Objectives: To investigate the real-world implementation of intracoronary assessment (ICA) techniques and evaluate their impact on clinical decisions regarding the management of coronary artery disease (CAD) in contemporary practice.
Background: Coronary angiogram is the gold standard used to diagnose vessel stenosis and guide percutaneous coronary intervention (PCI); however, it is limited by its two-dimensional imaging capabilities. ICA techniques like intravascular ultrasound and optical coherence tomography capture the vessel in three-dimensional images. Comparatively, fractional flow reserve provides information on the physiologic significance of coronary stenosis. Both techniques may improve PCI outcomes if they routinely change physician behavior.
Methods: Patients who underwent ICA between August 2015 and March 2020 were included in the study. The primary outcome was the clinical impact of ICA on physician clinical decision making of a stenotic vessel. The secondary outcome was the clinical changes that occurred following ICA.
Results: A total of 1135 patients were included in the study. Physiologic assessment (PA) and image assessment (IA) were performed in 61.4% and 38.6% respectively. Management plans were changed in 38.1% and 23.9% of patients who received PA and IA. Over half of the management change resulted in physicians deciding to not intervene on the stenotic vessel. One-year outcome of these decisions showed no significant increase in major adverse cardiac events (hazard ratio [HR], 0.68; 95% confidence interval [CI], 0.40-1.15; p = 0.15) or unplanned revascularization (HR, 0.78; 95% CI, 0.35-1.74; p = 0.55) suggesting reliance on PA/IA data did not increase risk.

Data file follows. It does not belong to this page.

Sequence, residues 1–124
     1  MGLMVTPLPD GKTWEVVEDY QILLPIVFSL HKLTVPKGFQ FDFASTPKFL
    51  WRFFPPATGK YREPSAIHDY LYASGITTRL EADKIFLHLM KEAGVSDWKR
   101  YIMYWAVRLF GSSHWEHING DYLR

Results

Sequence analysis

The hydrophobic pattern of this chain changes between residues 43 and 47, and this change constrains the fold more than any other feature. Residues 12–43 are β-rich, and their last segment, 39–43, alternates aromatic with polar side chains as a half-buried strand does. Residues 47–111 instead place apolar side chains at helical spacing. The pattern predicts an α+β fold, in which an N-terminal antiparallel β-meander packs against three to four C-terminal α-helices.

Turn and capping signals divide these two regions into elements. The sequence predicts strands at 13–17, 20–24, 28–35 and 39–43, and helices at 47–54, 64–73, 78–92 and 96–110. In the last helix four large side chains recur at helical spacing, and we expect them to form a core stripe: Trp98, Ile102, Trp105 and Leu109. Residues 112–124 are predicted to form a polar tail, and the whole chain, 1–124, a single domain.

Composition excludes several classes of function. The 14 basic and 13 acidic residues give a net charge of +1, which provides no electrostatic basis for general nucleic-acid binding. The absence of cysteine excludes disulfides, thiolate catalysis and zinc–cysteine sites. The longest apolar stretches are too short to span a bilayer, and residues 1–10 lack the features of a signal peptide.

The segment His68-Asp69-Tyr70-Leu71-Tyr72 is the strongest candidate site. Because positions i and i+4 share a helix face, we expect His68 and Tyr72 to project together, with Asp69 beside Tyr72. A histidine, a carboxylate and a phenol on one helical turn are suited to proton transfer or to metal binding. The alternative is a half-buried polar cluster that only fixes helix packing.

Conclusion: Selected ICA alters physician management of CAD in one-third of patients being evaluated for revascularization-typically leading to fewer interventions. All cause death is numerally lower in patients that received a change in management. However, the 1-year outcome of these altered decisions does not appear to be significantly different.
Keywords: clinical decision making; fractional flow reserve; intravascular ultrasound; optical coherence tomography; percutaneous coronary intervention.
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